A surprising discovery that was made near Freedom in 1988 has been termed the “Find of the Century” in a special centennial exhibit now on display at the Freedom Museum.

A dedication ceremony is planned for 3 p.m. today to officially open the exhibit, which features artifacts discovered in an archeological dig at the Burnham Ranch located 10 miles northwest of Freedom.

Sandy Wimmer, chairman of the museum’s board of directors, said the ceremony will feature Dr. Don Wyckoff, an anthropology professor at the University of Oklahoma.

She said they are pleased to have Wyckoff return as the keynote speaker at the dedication ceremony since he led the archeological dig at the Burnham Ranch almost 20 years ago.

The ceremony will also include musical performances by Sharon Walker and Camille Holt, Wimmer said.

She said a number of key benefactors who helped make the exhibit possible will also be recognized during the 30-minute program.

“We’re having the dedication out on Main Street like they did at the original museum opening in 1976,” Wimmer said.

The ceremony is important, she said, because the exhibit is an official Oklahoma Centennial project.

And the exhibit is important because some of the artifacts discovered could indicate that man lived in this region around 30,000 to 40,000 years ago, Wimmer said.

In fact, she said the exhibit has been named the “Find of the Century” because of these important historical implications.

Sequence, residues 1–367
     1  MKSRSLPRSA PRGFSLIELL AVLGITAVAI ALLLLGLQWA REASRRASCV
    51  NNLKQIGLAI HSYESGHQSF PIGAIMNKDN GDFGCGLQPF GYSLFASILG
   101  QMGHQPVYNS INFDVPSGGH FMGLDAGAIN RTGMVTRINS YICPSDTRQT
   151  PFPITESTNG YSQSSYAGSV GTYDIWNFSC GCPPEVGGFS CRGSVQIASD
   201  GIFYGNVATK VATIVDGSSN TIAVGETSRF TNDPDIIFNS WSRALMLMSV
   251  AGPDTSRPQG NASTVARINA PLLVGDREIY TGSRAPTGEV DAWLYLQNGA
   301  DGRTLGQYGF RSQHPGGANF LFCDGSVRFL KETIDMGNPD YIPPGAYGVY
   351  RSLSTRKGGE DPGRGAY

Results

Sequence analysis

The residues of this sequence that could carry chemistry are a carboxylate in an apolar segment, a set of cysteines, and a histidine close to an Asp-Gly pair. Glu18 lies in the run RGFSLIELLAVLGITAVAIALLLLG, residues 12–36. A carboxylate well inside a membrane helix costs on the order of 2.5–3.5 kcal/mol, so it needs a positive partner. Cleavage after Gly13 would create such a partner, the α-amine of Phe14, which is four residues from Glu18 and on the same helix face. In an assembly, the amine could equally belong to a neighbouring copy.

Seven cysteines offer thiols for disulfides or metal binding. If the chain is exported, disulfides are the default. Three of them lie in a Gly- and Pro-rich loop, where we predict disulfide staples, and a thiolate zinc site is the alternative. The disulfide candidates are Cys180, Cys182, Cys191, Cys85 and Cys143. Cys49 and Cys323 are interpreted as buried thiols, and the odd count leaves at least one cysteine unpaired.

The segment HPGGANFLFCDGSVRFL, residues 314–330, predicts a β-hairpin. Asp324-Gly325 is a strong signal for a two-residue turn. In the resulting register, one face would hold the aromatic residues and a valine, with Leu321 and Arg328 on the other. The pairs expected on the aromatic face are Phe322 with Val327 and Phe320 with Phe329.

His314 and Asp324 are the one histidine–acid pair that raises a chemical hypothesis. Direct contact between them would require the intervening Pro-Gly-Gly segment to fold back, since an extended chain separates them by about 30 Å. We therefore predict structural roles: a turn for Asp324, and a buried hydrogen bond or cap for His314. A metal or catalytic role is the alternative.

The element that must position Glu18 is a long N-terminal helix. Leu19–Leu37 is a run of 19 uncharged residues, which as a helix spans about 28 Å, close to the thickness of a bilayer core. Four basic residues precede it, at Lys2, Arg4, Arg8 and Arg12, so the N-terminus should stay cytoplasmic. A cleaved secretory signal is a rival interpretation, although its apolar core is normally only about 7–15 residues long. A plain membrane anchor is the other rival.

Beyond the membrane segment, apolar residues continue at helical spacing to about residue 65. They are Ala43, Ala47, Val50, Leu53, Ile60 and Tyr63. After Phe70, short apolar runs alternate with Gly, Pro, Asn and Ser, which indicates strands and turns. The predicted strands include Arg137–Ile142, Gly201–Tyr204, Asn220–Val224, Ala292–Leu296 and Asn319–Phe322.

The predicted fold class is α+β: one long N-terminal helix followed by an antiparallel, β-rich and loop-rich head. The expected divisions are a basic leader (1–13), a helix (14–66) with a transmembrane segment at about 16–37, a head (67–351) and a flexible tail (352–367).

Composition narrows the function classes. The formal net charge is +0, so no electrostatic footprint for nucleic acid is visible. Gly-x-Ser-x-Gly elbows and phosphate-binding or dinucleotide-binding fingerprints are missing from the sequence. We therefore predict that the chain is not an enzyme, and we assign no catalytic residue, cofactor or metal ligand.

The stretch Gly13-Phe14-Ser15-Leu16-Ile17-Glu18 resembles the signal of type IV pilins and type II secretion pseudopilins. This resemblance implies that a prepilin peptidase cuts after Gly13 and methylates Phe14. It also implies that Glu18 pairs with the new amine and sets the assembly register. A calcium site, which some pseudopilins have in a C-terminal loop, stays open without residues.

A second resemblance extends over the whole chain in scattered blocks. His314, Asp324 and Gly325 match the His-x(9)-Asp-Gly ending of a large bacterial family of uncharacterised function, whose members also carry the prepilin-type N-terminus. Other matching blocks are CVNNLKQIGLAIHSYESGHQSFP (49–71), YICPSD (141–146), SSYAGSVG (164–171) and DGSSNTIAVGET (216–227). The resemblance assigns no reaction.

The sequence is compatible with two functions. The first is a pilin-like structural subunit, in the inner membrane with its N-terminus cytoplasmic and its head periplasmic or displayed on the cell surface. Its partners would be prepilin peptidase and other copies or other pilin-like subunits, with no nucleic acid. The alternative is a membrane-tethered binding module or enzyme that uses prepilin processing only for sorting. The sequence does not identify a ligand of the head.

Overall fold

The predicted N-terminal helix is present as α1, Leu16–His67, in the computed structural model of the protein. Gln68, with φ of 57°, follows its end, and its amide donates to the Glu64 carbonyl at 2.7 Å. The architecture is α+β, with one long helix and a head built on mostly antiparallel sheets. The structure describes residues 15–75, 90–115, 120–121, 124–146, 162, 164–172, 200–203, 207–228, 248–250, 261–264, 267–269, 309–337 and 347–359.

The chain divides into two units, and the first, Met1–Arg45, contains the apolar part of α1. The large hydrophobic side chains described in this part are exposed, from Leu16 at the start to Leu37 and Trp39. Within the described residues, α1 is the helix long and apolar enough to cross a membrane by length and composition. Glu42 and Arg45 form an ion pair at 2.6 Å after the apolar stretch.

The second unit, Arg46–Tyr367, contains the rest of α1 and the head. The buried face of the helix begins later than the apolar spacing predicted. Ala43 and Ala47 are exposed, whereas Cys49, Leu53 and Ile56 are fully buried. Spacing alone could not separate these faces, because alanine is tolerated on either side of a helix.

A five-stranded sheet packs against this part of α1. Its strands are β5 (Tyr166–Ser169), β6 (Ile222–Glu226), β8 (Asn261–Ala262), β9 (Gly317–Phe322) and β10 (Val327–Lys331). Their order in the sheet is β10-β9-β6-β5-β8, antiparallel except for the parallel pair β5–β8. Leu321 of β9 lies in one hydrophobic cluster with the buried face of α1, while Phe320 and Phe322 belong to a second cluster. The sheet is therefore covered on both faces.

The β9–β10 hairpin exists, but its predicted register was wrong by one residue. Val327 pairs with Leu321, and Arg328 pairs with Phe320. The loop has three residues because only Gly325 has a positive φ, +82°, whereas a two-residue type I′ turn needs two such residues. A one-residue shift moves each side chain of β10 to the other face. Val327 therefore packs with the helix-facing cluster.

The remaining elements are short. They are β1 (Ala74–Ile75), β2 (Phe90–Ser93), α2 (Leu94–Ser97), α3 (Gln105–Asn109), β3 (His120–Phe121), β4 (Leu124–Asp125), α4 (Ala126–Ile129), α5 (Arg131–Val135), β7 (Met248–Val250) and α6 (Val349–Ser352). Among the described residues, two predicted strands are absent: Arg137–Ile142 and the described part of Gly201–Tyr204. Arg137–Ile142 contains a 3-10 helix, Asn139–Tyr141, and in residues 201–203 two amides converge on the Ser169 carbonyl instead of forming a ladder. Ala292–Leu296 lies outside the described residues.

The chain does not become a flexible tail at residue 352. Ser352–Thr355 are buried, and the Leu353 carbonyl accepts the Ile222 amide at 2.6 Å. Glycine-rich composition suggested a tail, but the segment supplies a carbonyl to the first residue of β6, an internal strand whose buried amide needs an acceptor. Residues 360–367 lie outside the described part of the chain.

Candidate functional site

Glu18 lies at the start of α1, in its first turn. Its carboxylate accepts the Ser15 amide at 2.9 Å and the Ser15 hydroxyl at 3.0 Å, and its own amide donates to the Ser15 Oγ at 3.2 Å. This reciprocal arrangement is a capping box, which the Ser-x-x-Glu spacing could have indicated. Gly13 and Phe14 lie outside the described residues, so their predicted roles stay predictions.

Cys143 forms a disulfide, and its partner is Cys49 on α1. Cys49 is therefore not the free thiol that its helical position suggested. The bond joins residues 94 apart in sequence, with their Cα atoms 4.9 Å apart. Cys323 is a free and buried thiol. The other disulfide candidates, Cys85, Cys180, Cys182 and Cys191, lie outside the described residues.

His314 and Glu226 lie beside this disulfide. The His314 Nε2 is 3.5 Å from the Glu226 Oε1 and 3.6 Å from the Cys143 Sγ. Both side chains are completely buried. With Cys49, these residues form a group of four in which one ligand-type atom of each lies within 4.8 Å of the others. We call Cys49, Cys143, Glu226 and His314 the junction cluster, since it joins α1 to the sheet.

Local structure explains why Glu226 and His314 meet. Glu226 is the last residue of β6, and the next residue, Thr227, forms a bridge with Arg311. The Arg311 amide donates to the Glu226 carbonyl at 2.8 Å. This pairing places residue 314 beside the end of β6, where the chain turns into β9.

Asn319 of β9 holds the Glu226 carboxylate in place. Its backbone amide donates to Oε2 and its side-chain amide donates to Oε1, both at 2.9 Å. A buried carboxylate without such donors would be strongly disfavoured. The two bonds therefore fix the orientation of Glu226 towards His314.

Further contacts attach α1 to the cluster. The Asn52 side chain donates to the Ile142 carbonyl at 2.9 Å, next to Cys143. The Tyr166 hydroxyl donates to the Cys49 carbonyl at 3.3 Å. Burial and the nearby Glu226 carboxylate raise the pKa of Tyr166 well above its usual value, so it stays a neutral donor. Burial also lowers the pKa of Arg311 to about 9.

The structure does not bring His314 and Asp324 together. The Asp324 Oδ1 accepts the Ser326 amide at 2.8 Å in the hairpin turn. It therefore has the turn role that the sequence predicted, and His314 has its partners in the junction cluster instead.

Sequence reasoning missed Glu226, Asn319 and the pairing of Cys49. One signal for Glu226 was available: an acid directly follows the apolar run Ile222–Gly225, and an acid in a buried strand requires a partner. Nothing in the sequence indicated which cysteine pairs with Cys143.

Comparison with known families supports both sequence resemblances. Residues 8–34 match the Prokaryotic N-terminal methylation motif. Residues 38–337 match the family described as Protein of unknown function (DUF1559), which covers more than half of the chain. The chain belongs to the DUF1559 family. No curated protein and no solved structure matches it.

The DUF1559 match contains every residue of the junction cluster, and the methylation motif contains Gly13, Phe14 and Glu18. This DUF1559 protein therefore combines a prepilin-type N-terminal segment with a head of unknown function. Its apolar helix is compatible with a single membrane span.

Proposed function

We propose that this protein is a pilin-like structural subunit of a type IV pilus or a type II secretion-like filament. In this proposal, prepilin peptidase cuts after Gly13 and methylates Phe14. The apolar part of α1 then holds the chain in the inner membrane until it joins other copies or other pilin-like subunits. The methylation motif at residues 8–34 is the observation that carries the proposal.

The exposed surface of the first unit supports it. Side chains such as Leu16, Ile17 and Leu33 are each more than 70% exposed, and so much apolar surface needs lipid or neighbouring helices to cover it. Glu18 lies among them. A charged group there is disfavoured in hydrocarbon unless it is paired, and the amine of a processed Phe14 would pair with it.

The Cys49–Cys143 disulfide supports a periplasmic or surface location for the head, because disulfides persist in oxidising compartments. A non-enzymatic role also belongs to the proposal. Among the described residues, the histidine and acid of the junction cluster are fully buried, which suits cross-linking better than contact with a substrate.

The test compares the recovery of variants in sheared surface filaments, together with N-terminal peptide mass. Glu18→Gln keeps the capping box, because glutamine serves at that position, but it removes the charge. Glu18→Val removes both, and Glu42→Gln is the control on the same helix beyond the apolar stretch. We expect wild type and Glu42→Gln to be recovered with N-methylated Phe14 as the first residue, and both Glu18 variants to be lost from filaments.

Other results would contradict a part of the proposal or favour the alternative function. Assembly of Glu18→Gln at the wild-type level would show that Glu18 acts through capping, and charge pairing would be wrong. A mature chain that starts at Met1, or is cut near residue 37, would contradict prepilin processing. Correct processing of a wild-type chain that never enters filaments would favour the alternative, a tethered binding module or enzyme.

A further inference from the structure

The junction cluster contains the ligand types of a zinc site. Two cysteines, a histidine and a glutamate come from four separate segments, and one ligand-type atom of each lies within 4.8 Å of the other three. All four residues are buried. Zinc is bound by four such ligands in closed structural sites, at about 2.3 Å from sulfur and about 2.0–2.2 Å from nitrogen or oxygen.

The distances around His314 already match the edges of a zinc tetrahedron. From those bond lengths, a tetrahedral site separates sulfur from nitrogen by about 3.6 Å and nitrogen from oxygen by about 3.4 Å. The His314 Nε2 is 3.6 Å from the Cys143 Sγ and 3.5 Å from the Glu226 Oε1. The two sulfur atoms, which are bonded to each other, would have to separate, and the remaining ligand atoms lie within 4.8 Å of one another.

Wimmer said the true find of the century was a long-horned bison skull that was surrounded by several artifacts which could have been man made. These artifacts, if proven to be the arrowheads and scrapers they resemble, might be evidence that the bison was butchered and thus forward the theory that man was present in this area 30,000 years ago when the long-horned bison lived.

“It could indicate that there was people here much earlier than they (scientists) thought,” said Wesley Nixon, another museum board member.

Nixon said the long-horned bison skull and other artifacts, which also include a mammoth tusk, were discovered after a worker at the Burnham Ranch dug up some bones as he was trying to dig a new pond.

Wyckoff and his group then took several months exploring the area and uncovering more artifacts, he said. Some of the artifacts have been on display at the Sam Noble Oklahoma Museum of Natural History in Norman, but have been returned to Freedom for the new exhibit.

Wimmer said the new exhibit not only displays these important finds, but also includes an interesting diorama which recreates what the landscape would have looked like, depicting the flora and fauna that were present in Northwest Oklahoma 30,000 years ago.

She said the diorama is especially interesting because the more you look, the more you find. If you look hard enough you can even spot a rattlesnake.

“You can walk by one time and then come back a week later and see other things,” Wimmer said.

Another interesting feature in the exhibit is a small sandbox type structure which is filled with shredded rubber that was designed to resemble the red dirt archeologists explored at the Burnham Ranch.

Wimmer said there are actually small artifacts buried in the “dirt.” She said young visitors to the exhibit can then have their own archeological experience as they sift through the shredded rubber to uncover the artifacts.

Nixon said the exhibit also includes a television monitor which continuously shows a short video of Wyckoff discussing the dig and its discoveries.

The entire exhibit was designed and installed by Chase Studio out of Missouri, Wimmer said.

“They are well-known for their exhibits in the Smithsonian,” she said.

She said the museum board was pleased to have them visit Freedom and create the new exhibit.

“It’s quite a display,” Wimmer said as she invited everyone to come out and see it for themselves.

Trending Video

Recommended for you